The 7 best pieces EVER written for the viola

4 February 2019, 16:31 | Updated: 4 February 2019, 16:36

Best viola pieces
Best viola pieces. Picture: Getty

By Elizabeth Davis

The viola is often seen as the awkward child of the string family (and the butt of everyone’s jokes). But composers throughout the history of music have written some of their most beautiful work for this unsung hero of the orchestra.

Here are some of our favourite pieces of classical music for the viola.

  1. Rebecca Clarke: Viola Sonata

    Rebecca Clarke was a British-American composer born in 1886 and became the first woman to play in Henry Wood’s Queen’s Hall Orchestra, in 1912.

    But she’s best remembered for this epic work. Viola player Jennifer Stumm has said of the piece: “Rebecca Clarke re-established the instrument as something that could be soft and feminine and wild and powerful and much more like a jazz singer.”

    “For the viola it's a hugely important piece. She envisioned a different kind of viola, one that wasn't pigeon-holed into any one idea. She was writing with this incredible fascination for colour and every possibility of the instrument.”

  2. Berlioz: Harold in Italy

    “Wine, blood, joy and rage miingle in mutual intoxication and make music together”. That’s how Berlioz described his symphonic poem Harold in Italy. The work is based on Lord Byron’s poem Childe Harold’s Pilgrimage and Berlioz was encouraged to write it by none other than Niccolò Paganini.

    Paganini had just got his hands on a beautiful viola and he needed something to test drive it. He’s supposed to have said: “You are the only one I can trust for the task.”

    We’d say his trust paid off.

    Berlioz: Harold en Italie ∙ hr-Sinfonieorchester ∙ Antoine Tamestit ∙ Eliahu Inbal

  3. Mozart: Sinfonia Concertante

    The viola really found its feet as a solo instrument in the 20th century. But that’s not to say earlier composers weren’t alive to its beauty. Mozart’s Sinfonia Concertante is a piece for violin, viola and orchestra in which the violin and viola have equal billing.

    MOZART~ Sinfonia Concertante , K.364 - DANIEL BARENBOIM/Staatskapelle Berlin

  4. Walton: Viola Concerto

    This is a work that really put composer William Walton on the map. His Viola Concerto quickly became an established part of the instrument’s repertoire, from its melancholy opening to the infectious rhythms of the Scherzo.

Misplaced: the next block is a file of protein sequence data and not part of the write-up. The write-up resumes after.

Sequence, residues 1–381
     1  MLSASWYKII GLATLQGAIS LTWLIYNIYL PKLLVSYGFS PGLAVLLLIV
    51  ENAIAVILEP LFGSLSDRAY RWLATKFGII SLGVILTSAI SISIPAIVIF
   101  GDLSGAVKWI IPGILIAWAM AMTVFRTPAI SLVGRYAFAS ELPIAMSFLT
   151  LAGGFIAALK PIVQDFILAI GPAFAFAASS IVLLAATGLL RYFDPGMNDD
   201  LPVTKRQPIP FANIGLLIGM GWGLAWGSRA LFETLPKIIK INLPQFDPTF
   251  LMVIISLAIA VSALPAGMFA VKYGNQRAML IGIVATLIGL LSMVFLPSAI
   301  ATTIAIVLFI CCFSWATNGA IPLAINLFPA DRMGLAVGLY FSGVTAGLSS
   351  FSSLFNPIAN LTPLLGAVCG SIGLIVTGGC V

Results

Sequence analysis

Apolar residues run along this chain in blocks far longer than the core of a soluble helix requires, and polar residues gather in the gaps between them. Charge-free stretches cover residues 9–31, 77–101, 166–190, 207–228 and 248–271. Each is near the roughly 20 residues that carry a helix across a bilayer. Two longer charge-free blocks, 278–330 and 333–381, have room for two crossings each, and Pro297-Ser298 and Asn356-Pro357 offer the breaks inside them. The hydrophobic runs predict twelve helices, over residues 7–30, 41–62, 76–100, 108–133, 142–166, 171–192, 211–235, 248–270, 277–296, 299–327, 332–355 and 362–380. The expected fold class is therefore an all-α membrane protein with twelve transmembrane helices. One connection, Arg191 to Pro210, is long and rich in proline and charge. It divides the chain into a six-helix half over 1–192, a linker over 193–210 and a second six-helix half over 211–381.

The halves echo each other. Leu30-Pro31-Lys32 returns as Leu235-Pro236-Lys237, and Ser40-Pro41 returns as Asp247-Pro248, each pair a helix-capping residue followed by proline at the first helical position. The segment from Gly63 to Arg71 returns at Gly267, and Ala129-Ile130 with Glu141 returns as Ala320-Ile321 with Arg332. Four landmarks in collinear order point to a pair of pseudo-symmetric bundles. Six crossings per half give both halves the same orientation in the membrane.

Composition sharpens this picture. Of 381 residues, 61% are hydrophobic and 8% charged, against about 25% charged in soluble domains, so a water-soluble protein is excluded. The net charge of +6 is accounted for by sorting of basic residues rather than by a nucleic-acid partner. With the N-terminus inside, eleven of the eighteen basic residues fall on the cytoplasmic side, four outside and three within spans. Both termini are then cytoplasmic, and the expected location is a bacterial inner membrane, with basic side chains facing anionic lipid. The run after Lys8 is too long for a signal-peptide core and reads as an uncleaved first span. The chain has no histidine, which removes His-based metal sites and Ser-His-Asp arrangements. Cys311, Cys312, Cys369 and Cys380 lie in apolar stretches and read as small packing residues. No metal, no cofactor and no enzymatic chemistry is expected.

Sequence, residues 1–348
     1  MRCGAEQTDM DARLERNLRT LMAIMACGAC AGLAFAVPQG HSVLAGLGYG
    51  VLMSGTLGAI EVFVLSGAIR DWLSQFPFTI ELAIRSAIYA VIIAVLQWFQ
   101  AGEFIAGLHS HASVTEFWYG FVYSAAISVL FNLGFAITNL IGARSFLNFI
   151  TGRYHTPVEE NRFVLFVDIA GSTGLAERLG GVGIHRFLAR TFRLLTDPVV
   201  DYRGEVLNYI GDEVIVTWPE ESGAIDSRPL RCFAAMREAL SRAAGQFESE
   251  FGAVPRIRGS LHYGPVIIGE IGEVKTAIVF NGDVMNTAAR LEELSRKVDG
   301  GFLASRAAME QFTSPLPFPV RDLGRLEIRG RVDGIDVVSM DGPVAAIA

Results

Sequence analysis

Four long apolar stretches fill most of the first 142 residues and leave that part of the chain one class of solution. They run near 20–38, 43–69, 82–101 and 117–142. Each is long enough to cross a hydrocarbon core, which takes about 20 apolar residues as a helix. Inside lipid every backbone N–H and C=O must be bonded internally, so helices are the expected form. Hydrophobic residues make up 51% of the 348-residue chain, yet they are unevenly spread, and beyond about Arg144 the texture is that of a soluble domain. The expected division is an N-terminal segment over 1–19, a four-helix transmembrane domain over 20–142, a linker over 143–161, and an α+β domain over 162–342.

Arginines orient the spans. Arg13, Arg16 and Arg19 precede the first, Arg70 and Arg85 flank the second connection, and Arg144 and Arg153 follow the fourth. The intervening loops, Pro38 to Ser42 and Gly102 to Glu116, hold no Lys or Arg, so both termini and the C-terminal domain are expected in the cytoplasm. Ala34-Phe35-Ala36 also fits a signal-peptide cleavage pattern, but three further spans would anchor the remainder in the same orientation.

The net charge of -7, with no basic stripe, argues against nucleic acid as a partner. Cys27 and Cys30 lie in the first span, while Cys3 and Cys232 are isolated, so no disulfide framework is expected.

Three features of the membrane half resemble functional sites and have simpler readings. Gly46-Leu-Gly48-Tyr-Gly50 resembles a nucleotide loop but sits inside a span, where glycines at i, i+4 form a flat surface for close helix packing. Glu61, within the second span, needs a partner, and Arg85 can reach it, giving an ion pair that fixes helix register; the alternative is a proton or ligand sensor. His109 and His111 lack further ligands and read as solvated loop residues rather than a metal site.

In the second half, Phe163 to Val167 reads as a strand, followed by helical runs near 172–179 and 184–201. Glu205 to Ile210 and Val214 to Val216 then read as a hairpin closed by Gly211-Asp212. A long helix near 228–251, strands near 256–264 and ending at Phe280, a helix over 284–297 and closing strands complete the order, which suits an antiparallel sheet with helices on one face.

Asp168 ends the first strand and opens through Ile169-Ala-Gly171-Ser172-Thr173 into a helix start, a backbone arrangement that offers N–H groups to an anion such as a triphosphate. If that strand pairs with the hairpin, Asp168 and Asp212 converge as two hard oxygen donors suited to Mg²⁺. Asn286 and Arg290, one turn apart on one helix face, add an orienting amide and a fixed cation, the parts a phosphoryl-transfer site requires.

Viola player David Dalton has said of the piece: “When I first heard the opening theme of the Walton Viola Concerto, it affected me as a siren song.”

    Walton: Bratschenkonzert ∙ hr-Sinfonieorchester ∙ Antoine Tamestit ∙ Manfred Honeck

  5. Strauss: Don Quixote

    In Richard Strauss’ musical re-imagining of Cervantes’ classic novel the viola takes the role of Don Quixote’s buffoonish sidekick, Sancho Panza. (Don Quixote’s part is taken up by a solo cello).

    During the piece the pair battle evil giants (in reality, windmills) and fight off an advancing army (a herd of sheep). But the real heroes of the story are the viola and cello.

    Amihai Grosz, solo viola, R. Strauss - Don Quixote, Runnicles

  6. Bartók: Viola Concerto

    This is one of the last pieces the great Hungarian composer ever wrote and it quickly became a staple for viola players. David Aaron Carpenter included it on his album Motherland released only this year.

    It has all Bartók’s trademark rhythmic creativity with plenty of heart-rending melodies thrown in.

    Bartók: Viola Concerto | Antoine Tamestit, François-Xavier Roth & London Symphony Orchestra

  7. Schumann: Märchenbilder

    There are few composers who can hold a light to Schumann when it comes to writing a melody that feels like it’s one you’ve known since childhood. This collection of short pieces for viola and piano, whose title translates as Fairy Tale Pictures, showcases his beautiful ear for a good tune.

    Schumann didn’t leave any clues about what each piece describes, so what actually happens in these fairy tales is up to the listener.

    Schumann - Märchenbilder, Op.113 Timothy Ridout and Ke Ma